Canal Saint-Martin in Paris
The construction of the Canal Saint-Martin was ordered during the reign of Napoleon Bonaparte and links to the Canal de l’Ourcq, and today it is used mainly by pleasure craft for excursions, plus has a marina called the Port de l’Arsenal.
A bit of history
It was Napoleon Bonaparte that first gave the orders for a canal to be constructed within the city of Paris in order to provide a link from the River Seine and the Port de l’Arsenal to the Bassin de la Villette and the Canal de l’Ourcq for the shipping of food, other goods and materials.
Work started at both ends of the Canal Saint-Martin in 1805, however, because of the urbanisation of the area, there were many technical challenges they had to overcome, which is why it took until 1825 to complete, and this project was funded through a new tax that they had introduced on wine.
Now the length of the Canal Saint-Martin is around 4.5km with a total of nine locks, however, during the Second Empire when Baron Haussmann was reorganising much of Paris, there were warehouses and mills created along with several additional roads, and the idea of a moveable bridge over the canal was discussed.
Yet the engineer Belgrand came up with a solution, which involved moving one of the locks far further upstream, and this allowed for the water level to be lowered so that a normal bridge could be put in place.
But work and alterations did not stop there, and from 1860 to 1862 a vaulted tunnel was constructed, which enclosed the canal from the Bastille and the Place de la Bastille up to the Avenue de la Republique, and a new road was made above, called the Boulevard Richard-Lenoir.
It was then in 1906 that the next major changes took place, with an additional section of the Canal Saint-Martin being enclosed, and known as The Temple, this led to another road being put in place above the canal, which is called the Boulevard Jules-Ferry.
About the Canal Saint-Martin in Paris
Much of Paris has changed over the years, and the Canal Saint-Martin is definitely no exception, and although it was originally designed for goods including food and raw materials, today it is mainly used by pleasure craft and sightseeing boat tours in Paris, like the company Canauxrama.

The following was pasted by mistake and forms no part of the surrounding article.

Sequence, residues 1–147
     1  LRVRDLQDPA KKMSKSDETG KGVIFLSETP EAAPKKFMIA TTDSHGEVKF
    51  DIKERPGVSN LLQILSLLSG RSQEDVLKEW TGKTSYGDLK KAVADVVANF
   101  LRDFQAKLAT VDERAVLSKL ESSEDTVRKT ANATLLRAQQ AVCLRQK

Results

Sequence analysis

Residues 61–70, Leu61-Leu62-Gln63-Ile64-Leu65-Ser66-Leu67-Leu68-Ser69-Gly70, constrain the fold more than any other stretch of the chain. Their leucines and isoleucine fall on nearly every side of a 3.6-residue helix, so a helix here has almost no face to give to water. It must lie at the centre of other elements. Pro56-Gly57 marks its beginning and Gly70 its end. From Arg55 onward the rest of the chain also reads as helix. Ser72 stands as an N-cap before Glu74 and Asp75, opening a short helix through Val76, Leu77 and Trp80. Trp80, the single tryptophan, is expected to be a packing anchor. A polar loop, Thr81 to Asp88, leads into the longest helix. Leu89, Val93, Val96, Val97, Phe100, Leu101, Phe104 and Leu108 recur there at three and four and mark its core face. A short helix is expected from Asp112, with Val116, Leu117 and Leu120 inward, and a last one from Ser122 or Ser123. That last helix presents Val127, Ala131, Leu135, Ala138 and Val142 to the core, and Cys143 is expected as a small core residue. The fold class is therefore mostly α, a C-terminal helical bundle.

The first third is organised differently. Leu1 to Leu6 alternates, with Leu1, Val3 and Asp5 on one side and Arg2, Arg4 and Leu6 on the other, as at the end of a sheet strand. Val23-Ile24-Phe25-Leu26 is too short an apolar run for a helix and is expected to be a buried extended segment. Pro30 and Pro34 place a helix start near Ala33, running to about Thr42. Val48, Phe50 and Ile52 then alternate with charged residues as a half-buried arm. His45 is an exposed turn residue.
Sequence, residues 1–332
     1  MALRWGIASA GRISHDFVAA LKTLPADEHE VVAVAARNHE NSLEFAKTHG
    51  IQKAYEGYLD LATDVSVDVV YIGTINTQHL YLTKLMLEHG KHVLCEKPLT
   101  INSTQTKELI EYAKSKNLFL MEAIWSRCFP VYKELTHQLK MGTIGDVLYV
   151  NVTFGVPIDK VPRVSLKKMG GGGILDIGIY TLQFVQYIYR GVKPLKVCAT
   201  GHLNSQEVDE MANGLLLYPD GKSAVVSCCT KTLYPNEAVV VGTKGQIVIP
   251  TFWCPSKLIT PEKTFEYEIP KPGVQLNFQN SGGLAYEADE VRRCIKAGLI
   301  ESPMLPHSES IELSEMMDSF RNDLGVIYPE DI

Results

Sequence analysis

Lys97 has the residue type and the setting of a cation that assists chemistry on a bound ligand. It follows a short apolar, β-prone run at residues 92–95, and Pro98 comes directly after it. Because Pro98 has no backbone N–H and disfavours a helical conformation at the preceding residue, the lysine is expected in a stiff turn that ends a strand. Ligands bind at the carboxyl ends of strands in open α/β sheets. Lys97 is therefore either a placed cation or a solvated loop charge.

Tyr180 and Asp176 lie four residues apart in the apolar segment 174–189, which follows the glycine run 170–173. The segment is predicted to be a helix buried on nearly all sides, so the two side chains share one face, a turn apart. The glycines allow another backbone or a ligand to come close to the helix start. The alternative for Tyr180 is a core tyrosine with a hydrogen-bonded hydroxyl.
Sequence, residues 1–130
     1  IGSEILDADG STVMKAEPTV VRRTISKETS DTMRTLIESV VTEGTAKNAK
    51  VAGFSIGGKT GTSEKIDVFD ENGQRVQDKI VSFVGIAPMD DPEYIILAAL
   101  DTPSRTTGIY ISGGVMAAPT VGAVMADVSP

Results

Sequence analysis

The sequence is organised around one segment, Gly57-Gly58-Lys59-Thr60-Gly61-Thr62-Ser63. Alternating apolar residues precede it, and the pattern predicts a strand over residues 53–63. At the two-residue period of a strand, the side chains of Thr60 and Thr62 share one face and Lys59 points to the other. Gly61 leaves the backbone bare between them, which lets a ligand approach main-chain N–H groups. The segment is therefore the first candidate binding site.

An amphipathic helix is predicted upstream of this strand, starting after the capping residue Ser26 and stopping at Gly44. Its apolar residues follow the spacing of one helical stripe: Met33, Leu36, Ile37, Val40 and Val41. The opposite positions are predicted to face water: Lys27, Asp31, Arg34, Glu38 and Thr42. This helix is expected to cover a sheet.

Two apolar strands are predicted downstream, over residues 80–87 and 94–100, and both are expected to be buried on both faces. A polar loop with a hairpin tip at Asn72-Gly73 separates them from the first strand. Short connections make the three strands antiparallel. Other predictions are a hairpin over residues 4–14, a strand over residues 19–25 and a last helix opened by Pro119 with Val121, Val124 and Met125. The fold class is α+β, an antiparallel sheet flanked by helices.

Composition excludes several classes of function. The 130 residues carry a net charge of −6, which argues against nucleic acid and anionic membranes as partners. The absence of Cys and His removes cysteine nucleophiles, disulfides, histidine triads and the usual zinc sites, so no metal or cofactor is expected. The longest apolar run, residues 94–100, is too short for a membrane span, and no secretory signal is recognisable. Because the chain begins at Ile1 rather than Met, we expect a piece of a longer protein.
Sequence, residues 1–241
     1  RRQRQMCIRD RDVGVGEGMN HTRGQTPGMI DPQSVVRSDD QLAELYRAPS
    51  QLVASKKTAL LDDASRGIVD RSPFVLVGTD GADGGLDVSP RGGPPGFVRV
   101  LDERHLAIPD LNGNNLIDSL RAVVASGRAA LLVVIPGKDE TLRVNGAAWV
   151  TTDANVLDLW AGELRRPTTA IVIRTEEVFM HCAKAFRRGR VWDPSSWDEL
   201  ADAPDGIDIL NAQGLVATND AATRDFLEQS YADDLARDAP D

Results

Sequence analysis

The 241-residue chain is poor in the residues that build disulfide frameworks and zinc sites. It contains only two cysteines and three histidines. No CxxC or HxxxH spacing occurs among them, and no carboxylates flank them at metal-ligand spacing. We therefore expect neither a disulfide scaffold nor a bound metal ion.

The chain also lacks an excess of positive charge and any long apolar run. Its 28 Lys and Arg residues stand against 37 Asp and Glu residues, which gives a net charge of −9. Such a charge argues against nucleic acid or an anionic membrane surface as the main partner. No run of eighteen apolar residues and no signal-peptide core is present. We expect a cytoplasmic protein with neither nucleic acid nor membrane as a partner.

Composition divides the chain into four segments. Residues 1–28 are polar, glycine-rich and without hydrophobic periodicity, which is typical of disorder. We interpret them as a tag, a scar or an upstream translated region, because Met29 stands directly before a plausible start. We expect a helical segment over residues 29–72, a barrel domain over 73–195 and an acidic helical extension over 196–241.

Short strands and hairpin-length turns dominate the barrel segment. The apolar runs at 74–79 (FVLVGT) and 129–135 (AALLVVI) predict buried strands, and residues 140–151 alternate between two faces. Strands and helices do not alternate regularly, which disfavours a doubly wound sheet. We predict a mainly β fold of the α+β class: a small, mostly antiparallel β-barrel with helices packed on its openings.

This particular canal is also very popular for people taking a stroll, cycling, rollerblading, and sightseeing with some old bridges in Paris dating from the 19th century, plus there is a garden called the Jardin du Port de l’Arsenal located by the marina, which is a great place to relax and is also popular with students.
Visiting the Canal Saint-Martin
The Canal Saint-Martin goes from the River Seine, which is where you will find the Metro station called the Quai de la Rapee stop serving line 5, and goes up passed the Pont Morland and the Bassin de l’Arsenal, or Port de l’Arsenal, all above ground up to just before the Place de la Bastille, which is where you will find the Bastille Metro stop serving lines 1, 5 and 8.
The Canal Saint-Martin is then in a tunnel until you reach the Palais des Glaces, which is one of the theatres in Paris, then it goes above ground again apart from one small section as it continues passed Bizz'art towards the next Metro stop called Jaures, which is by the Place de la Bataille de Stalingrad and serves Lines 2, 5 and 7B.
From there it is a very short distance to the Bassin de la Villette where it then connects via a double lock to Canal de l'Ourcq, which then continues through Parc de la Villette where you can discover numerous tourist attractions such as the Cite des Sciences et de l'Industrie, Geode and the Cite de la Musique with its fabulous Music museum.